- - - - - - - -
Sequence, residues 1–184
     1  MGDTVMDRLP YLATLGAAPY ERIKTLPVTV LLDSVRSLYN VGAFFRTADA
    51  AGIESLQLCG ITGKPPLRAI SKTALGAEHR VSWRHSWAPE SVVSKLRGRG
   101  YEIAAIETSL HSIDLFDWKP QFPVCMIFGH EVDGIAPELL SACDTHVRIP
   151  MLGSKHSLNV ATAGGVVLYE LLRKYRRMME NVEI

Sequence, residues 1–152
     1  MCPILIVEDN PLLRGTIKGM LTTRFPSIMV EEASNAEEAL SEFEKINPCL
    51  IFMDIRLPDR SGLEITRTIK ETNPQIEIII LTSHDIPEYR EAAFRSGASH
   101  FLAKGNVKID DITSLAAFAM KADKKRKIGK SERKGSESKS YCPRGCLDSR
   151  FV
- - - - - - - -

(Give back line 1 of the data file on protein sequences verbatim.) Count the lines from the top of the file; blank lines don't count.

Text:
Sequence, residues 1–184